Posted: 03 September 2013

Take a look at our magazines from 1882 to 2013

The cover of Voice

We just launched Voice, our new magazine for supporters. If you haven't seen it, please take a look - it's a great piece of work, looking at young carers, stories by young people and volunteers, our policy work and celebrity chef Levi Roots.

The issue got us thinking about how our supporter magazines and newsletters have looked since Edward Rudolf founded our charity back in 1881. Our archives team dug up a handful of beautiful images that we'd like to share. 

Our back pages

1882

This is the cover of our first newsletter to our supporters, from nearly 132 years ago. The issue is dated 1 October 1882, when we were known as the Church of England Central Home for Waifs and Strays.

the cover of our first supporter newsletter

 

1911

The red cover of our 1911 supporter newsletter

1937

The cover of our January 1937 edition, featuring four young people known as The Adventurers

Summer 1971

The cover of our summer 1971 magazine

Autumn 2013

If you haven't seen our autumn 2013 supporter magazine, Voice, please have a look.

Our new supporter magazine is available in a variety of formats, including a PDF, a file that can be opened in your e-reader, a text-only version. We also are using the Flipboard app, which beautifully presents the magazine on your smartphone or tablet.

I highly recommend the version on the Flipboard app - click the image below to have a look.

The cover of our new magazine, which can be accessed on Flipboard

By Matt Summers-Sparks - Digital team

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Comments

All the Old supporters' magazines can be found in digital form at: http://www.hiddenlives.org.uk/publications/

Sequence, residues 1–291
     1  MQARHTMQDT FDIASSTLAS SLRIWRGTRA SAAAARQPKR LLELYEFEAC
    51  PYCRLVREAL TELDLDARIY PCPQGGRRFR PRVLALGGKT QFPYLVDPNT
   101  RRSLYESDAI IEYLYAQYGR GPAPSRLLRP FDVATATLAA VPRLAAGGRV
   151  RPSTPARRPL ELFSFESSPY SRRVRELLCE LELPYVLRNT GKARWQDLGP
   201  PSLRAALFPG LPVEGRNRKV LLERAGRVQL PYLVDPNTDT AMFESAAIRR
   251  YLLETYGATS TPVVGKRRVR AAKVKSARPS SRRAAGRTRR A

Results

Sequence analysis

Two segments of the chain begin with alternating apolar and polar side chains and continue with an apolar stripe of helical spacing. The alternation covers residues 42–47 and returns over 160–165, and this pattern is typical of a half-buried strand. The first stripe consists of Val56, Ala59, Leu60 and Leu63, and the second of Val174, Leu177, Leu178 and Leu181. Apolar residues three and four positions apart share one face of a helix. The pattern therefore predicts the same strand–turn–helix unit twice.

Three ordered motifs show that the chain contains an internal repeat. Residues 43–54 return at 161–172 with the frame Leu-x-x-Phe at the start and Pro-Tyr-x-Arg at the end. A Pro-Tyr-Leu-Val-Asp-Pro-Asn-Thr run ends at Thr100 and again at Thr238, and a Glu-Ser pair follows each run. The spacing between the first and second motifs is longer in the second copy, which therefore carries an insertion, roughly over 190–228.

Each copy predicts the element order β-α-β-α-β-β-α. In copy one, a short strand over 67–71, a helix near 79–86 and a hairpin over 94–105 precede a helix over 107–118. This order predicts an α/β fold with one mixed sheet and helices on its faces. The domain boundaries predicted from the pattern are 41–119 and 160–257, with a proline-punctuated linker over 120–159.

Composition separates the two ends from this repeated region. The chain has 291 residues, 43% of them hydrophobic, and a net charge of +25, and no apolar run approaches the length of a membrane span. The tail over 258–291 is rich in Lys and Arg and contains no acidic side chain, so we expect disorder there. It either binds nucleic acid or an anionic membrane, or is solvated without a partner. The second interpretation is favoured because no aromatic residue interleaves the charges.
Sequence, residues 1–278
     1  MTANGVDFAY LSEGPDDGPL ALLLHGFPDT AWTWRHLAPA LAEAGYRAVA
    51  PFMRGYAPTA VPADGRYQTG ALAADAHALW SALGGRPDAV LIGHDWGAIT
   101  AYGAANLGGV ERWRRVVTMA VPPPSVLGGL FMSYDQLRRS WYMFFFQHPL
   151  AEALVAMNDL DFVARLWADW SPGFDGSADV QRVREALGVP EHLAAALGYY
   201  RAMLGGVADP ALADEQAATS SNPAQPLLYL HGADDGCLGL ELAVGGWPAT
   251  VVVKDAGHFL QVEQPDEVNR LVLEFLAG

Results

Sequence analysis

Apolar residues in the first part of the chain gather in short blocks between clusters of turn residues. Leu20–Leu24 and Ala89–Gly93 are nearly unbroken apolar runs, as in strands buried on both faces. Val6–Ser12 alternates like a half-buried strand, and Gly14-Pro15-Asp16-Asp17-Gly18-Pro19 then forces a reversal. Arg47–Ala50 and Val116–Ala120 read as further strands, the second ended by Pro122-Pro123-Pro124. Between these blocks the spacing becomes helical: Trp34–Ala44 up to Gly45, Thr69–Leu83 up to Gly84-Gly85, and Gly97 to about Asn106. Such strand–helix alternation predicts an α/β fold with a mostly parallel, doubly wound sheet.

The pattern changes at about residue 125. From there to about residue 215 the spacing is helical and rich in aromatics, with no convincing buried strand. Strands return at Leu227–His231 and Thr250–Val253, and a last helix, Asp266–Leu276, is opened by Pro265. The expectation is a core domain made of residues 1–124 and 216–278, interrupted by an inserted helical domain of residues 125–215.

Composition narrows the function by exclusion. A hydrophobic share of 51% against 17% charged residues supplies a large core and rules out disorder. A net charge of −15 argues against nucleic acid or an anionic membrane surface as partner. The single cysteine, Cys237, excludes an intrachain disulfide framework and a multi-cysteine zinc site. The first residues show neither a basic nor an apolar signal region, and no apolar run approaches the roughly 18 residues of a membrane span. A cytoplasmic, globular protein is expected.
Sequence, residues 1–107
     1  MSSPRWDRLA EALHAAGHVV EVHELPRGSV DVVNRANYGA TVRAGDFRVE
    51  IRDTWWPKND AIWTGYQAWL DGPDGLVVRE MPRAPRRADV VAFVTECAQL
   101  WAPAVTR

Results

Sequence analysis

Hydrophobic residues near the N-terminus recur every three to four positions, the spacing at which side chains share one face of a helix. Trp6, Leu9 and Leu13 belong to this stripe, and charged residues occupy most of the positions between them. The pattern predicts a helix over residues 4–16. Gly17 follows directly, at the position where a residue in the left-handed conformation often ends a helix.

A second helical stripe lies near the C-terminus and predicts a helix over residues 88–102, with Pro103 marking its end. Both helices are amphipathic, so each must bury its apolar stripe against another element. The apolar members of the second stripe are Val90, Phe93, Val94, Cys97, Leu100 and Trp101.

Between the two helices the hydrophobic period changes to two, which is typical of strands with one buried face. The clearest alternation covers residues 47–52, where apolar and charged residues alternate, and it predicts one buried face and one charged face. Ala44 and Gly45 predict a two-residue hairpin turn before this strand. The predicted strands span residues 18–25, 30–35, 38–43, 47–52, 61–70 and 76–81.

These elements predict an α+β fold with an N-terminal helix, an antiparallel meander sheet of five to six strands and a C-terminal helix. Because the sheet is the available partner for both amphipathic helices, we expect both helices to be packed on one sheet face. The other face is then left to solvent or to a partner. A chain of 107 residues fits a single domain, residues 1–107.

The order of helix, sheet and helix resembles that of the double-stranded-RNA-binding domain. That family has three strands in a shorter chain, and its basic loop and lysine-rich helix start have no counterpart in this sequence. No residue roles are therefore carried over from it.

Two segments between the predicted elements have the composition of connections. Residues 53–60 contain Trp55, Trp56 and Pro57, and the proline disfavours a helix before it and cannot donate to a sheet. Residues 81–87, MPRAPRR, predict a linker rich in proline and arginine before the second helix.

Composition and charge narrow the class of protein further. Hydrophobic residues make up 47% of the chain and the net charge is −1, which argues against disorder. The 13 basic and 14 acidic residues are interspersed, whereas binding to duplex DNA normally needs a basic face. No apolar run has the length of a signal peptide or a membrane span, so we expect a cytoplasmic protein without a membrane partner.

A recent award winning paper given by Claudia Soares (University of Manchester) about aspects of the history of The Children’s Society (formerly known as the Waifs and Strays Society in the Victorian and Edwardian eras) at the Voluntary Action History Society’s summer 2013 fifth international research conference, shows that The Children’s Society developed a positive approach to child care practice during this time.

By moving the focus of analysis away from a preoccupation with residential care reform and discipline, the paper argues that ideals of homeliness and friendship were at the heart of Waifs and Strays Society’s ideology. Drawing on a range of photographs, fundraising literature in monthly magazines, donation lists and inventories from The Children’s Society’s Archive, the paper examines how institutional space and material culture was shaped by a rhetoric of domesticity. Analysis of representations of leisure, play and celebrations within the institution further highlights the models of sociability that the Society promoted to shape interpersonal relationships amongst institutional residents. The full paper can be read here: http://www.vahs.org.uk/2013/09/feature-9/